Chile 1-0 Honduras
Jean Beausejour (34′)
Honduras’ squad, for the first time at a World Cup, featured 3 brothers. Wilson Palacios in the starting line-up with Johnny and Jerry on the bench. Chile missing Humberto Suazo to injury and therefore less of an scoring threat, Honduras missing a good scoring chunk as well with Carlos Costly and David Suazo missing. And therefore the offense left in the hands of veterans Carlos Pavon and Jorge Valdivia for Honduras and Chile respectively. Early possession and half chances were almost exclusively for the attacking Chileans with Alexis Sanchez and Matias Fernandes doing some good work. The 65%+ possession paid dividends with Beausejour scoring from a low cross. The domination mostly continued and had the Honduran goalie, Noel Valladares, making one of the nicest saves so far in the 63rd minute. In the end Honduras produced little and Chile came reasonably close on many occasions, dominated possession and showed more attacking intent than most, as promised by coach Marcelo Bielsa.
Spain 0-1 Switzerland
Gelson Fernandes (52′)
The game had Frei and Behrami missing for the Swiss while Torres not starting for Spain. For the second game in a row one team had a good lock on domination as Spain controlled the ball for long stretches. Early in the second half we witnessed one of the bigger shocks of the World Cup when the Swiss, through Fernandes, scored first. Iker Cassilas, Pique and the whole Spanish defense made a meal of a high ball. The Spanish were then forced to bring on Navas and Torres for Silva and Busquets. Of the many close calls that followed Xabi Alonso’s crossbar was perhaps the closest. Not long after the Swiss themselves were a post away from making it 2-0 and the game turned into one Puyol and Pique would want to forget. Iniesta left the field due to injury and was replaced by Pedro but half and full chances amounted to little as Switzerland changed the face of group H. Criticism of Spain’s starting line-up followed.
South Africa 0-3 Uruguay
Diego Forlan (24′, pen 80′) Alvaro Pereira (90′)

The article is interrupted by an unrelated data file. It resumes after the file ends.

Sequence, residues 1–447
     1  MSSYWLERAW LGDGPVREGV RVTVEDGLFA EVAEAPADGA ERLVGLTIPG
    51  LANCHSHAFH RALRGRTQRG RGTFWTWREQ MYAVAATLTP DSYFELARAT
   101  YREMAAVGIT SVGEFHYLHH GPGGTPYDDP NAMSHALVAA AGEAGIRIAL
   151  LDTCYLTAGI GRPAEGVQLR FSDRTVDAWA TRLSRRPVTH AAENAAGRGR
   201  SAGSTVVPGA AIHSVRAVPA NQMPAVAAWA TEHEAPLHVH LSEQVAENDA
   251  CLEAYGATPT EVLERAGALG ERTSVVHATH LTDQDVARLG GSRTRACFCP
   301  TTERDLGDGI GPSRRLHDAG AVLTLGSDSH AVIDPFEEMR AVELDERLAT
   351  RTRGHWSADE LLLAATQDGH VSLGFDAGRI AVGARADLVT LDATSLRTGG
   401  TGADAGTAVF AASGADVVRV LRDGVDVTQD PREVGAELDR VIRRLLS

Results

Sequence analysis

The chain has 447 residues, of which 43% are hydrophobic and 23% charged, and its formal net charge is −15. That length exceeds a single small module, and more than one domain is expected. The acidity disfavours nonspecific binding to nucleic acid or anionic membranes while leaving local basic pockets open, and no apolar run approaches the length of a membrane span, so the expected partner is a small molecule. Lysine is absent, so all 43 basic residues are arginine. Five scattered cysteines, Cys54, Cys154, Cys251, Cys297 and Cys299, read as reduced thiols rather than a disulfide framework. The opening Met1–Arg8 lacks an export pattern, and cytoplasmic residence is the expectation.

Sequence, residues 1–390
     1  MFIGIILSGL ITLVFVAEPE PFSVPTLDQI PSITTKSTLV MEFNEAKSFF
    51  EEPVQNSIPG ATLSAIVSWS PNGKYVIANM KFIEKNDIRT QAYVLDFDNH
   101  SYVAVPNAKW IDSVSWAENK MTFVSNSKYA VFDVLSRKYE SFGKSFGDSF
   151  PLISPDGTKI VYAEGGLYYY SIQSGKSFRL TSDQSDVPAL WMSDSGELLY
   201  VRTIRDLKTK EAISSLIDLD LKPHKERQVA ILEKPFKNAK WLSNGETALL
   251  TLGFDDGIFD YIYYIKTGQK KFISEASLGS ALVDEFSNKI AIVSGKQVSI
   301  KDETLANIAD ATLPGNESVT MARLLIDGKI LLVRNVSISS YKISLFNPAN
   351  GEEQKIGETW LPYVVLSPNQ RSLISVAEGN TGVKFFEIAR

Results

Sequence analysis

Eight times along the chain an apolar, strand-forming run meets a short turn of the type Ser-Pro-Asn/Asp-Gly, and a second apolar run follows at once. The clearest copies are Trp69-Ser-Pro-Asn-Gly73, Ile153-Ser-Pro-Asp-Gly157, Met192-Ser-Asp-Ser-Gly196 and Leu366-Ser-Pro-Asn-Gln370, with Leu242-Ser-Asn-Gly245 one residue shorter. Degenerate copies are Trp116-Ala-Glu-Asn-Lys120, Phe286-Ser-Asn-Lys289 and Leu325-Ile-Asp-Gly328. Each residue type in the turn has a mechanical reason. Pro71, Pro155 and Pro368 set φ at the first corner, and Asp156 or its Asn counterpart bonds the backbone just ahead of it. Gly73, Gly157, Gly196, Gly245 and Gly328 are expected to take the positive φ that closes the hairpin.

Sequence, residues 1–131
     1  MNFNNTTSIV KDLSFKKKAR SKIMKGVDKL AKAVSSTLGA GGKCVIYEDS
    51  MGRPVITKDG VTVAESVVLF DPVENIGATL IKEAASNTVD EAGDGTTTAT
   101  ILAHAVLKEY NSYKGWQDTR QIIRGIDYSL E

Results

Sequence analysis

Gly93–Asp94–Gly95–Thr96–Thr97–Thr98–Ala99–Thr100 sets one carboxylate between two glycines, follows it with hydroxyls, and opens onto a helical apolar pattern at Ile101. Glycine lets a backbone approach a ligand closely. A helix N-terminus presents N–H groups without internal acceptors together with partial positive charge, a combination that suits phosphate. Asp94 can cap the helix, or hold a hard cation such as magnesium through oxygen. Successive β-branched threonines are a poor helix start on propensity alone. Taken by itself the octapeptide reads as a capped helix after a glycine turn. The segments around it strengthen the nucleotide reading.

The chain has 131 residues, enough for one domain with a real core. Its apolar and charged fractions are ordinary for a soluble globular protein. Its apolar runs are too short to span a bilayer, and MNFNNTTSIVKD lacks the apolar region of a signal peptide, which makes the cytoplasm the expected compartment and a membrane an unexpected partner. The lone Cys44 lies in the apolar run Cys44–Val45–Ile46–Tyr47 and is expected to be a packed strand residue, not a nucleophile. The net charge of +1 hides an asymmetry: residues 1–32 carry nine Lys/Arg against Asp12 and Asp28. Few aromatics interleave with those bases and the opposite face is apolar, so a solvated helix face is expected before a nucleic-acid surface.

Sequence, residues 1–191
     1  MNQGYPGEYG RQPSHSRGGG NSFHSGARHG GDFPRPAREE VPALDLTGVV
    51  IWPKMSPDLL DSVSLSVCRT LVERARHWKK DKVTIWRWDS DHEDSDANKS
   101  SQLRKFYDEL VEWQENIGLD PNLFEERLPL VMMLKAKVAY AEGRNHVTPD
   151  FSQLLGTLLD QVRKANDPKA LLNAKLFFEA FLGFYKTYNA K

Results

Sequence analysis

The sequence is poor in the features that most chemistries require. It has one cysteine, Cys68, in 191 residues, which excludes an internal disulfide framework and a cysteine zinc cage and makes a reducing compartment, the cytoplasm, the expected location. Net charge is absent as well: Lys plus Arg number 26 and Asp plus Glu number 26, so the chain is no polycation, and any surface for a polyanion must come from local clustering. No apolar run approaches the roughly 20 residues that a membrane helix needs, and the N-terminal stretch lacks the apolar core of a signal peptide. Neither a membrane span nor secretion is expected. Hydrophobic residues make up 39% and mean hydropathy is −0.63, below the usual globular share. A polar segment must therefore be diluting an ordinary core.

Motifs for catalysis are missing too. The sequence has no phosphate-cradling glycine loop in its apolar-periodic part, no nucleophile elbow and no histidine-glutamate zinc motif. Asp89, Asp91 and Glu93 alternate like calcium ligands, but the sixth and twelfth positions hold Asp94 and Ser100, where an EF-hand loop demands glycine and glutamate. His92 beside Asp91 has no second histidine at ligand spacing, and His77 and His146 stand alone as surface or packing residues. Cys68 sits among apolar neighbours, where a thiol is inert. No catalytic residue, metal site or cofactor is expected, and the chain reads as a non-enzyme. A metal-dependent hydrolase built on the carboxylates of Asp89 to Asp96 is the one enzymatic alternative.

Uruguay started with more of an attacking line-up in this their second game as all three of Forlan, Suarez and Cavani started. The advantage of the earlier exchanges went to the South Americans but Tshabalala wasn’t shy to shoot when he could. The game wasn’t the most exciting but Forlan did his part with a long range shot that showed that the Adidas Jabulani ball is not all bad. Uruguay had the better of chances with Cavani in particular very wasteful with those few chances. In the last quarter of the match the South Africans became more desperate knowing a loss would make second round very unlikely. Soon after however a debatable penalty and red card resulted from Khune’s slight contact with Suarez, the South African goalie perhaps too harshly judged. Forlan scored and as the crowd was leaving in dismay Alvaro Pereira finished it off right at the whistle.
This reviewer supports Italy but feels that their team is either too old or not very spectacular. Under the guidance of Marcello Lippi, who was the winning coach four years ago, Italy can still do very well. With the likes of Giorgio Chiellini in the heart of the defense, Daniele De Rossi in the heart of the midfield and the likes of Antonio Di Natale moving forward the team has a chance.
It remains to be seen if the fitness of Fernando Torres and others in the Spanish team hurts their favorites tags. And if Brazil can truly deliver with Kaka either injured or disappointing at Real Madrid.